Thanks to fellow Chicagoboy James for the link to this photo:
Normally I wouldn’t stress the German contribution that much, but after our Minister of the Environment angered so many people, I think it needs to be pointed out that he isn’t speaking for Germany and that the official reaction amounts to more than a nice telegram.
From Deutsche Welle
After initial hesitation, US officials on Sunday handed their German counterparts a “wish list” of emergency aid such as logistics experts, water purification plants and medical help for victims of hurricane Katrina.
William Timken, the new US ambassador to Germany, handed the list to German government officials during a meeting Sunday afternoon.
The list largely corresponds with help that had been offered by Germany: logistics experts, pumps, drinking water and water purification systems, generators, emergency shelters, blankets and medical help.
German Chancellor Gerhard Schröder has also offered with vaccines, medical equipment and large quantities of aid packages.
William Timken thanked Germany for the willingness to help, including 25 tons of meals that have already been flown to the US. A first plane with 10 tons of food arrived on Saturday, while a second delivery was due to arrive in Pensacola, Florida at about 9 p.m. UTC.
Germany’s flying hospital, Medevac, which was used in the tsunami areas, is expected to arrive in the US on Monday, according to German public broadcaster NDR.
The plane comes with “a complete team of about 40 doctors and nurses,” Andreas Künkler, a German air force pilot who delivered the first shipment of aid to the US. “That’s what makes this plane unique in the world.”
There is also this, if requested:
In addition, a medical ship is in the Atlantic on its way to Egypt for an exercise but could be redirected anytime to the hurricane-stricken region.
10 thoughts on “German response to Katrina”
You need to put this on your post.
It’s a pic of a cargo plane from Germany offloading MRE’s for the starving in New Orleans. Note the name on the plane in letters 4 feet high.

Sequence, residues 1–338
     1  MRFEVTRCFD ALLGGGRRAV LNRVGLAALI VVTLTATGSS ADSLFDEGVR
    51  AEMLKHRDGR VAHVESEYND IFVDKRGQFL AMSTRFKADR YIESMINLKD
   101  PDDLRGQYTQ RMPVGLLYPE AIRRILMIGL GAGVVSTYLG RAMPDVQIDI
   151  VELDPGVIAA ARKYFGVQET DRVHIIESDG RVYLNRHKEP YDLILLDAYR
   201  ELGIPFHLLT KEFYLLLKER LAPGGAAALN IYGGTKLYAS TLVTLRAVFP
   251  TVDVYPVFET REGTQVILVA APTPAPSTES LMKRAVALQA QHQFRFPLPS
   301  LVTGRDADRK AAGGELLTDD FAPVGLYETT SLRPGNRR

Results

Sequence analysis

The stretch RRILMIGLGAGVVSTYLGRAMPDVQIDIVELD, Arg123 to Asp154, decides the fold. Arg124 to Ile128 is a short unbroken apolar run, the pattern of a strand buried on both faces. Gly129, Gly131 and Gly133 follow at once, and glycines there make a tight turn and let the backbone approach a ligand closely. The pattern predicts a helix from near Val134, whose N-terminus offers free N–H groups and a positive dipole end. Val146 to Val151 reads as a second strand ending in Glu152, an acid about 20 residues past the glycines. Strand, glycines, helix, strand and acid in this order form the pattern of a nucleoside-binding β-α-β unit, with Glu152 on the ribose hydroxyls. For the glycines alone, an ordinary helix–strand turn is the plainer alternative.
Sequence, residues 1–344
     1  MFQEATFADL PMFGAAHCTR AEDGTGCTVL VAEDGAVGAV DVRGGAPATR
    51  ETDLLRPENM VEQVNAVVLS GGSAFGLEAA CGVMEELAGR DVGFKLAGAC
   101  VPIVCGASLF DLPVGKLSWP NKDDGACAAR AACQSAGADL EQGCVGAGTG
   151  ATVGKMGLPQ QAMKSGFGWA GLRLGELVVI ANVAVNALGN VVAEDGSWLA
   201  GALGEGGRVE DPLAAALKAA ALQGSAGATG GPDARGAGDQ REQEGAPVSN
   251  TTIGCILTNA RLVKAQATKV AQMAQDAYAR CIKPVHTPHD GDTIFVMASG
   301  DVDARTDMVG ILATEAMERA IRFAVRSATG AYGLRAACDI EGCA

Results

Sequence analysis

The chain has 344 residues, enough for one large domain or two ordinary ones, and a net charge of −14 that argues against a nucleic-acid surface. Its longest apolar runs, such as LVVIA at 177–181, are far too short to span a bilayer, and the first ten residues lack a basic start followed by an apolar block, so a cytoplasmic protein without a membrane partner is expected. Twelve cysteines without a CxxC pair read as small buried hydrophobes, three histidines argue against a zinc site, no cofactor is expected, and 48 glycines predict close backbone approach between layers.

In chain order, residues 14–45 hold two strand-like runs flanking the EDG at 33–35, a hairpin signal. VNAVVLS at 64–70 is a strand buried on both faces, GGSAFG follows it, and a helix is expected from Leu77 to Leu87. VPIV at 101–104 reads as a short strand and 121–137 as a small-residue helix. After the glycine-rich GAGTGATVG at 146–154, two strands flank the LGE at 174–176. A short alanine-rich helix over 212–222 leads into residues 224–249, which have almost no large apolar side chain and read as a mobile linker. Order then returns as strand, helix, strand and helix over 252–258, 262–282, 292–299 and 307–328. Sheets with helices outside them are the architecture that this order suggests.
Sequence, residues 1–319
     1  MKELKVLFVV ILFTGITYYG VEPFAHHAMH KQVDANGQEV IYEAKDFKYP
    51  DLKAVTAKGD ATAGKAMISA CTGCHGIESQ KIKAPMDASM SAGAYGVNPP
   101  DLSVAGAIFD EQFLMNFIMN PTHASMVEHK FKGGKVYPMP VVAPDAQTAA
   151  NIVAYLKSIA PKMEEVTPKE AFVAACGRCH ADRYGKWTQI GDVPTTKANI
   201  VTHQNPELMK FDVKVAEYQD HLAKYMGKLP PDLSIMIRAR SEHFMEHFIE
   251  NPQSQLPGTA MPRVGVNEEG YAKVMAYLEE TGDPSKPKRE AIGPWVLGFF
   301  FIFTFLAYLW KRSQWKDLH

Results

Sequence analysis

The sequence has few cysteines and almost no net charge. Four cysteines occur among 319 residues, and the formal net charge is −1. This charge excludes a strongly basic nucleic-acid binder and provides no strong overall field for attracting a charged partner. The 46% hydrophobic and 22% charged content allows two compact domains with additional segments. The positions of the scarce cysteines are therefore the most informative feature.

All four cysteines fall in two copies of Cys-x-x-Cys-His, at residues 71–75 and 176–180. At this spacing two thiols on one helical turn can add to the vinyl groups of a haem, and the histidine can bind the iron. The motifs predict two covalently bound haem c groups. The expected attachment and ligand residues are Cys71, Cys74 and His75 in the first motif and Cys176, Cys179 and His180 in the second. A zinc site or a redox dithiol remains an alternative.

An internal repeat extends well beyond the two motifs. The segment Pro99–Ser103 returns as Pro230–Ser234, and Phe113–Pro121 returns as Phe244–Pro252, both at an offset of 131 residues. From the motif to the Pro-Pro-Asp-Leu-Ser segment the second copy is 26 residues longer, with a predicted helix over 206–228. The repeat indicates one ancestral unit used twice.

Then Gerhard opens his trap again, Ralf.
Good to see indeed. I’ll take help from individual countries over the UN any day. Which begs the question, where are the disaster tourists? You’d think they’d have stepped up to claim credit by now.
Ugh… spoke too soon. They have.
“The United Nations has initially mobilized three inter-agency teams to work on logistics and coordination in conjunction with United States authorities”
Coordination, that’ll help…
Ralf, great to see. Cuba offered some help too:
Cuba offered 1,100 doctors to help out with the relief effort after Hurricane Katrina, that could have been in place last Wednesday. The US State Department said “no thanks.” Sure, we could construe this as political manuevering on Castro’s part, but he has accepted US post-hurricane aid in the past few years, so that argument doesn’t hold much water. This is the same Castro who is dealing remarkably well with the huge loss of subsidy from the former USSR, and is on the cutting edge of adapting to a post-peak oil world. Is he a repressive and autocratic figure? Sure. Is he turning away a thousand desparately needed doctors because he thinks that politics take priority over the welfare of poor, black people? No, but the US government is.
Yeah, Bush doesn’t care about black Americans but a dictator who imprisons black dissenters in his own country does. As an American I am grateful for assistance from our European and Latin American friends, but perhaps cynically proffered “aid” from quasi-enemies like Castro and Chavez falls under the category of “more trouble than it’s worth.”
Maybe Bush should accept the Cuban offer on the condition that the Cuban doctors are accompanied by their families. Then we’d really see how generous Castro is.
Seemed kind of neighborly to me:
The Cuban government of President Fidel Castro offered in the immediate aftermath of Hurricane Katrina’s devastation to send over 1,000 doctors and 36 tons of medicine and equipment to the disaster zone. After 10 days, the Bush administration has yet to even dignify the Cuban proposal—which has since swelled to more than 1,500 doctors, due to a flood of volunteers—with a reply.
The offer involves real and badly needed aid that is quickly deployable. Cuba is nearer to the affected areas than Miami, barely an hour’s plane trip away, twice as close as New York. Moreover, the country’s doctors are internationally recognized as among the most experienced and qualified in emergency relief, having participated not only in responding to hurricanes in their own country, but in providing aid to disaster-stricken populations throughout the Americas, Africa and elsewhere.
Cuban doctors are also among the best trained and most experienced in dealing with infectious diseases, including cholera, the first cases of which have been reported in the disaster area.
Some additional perspective on Cuban “medical aid.”
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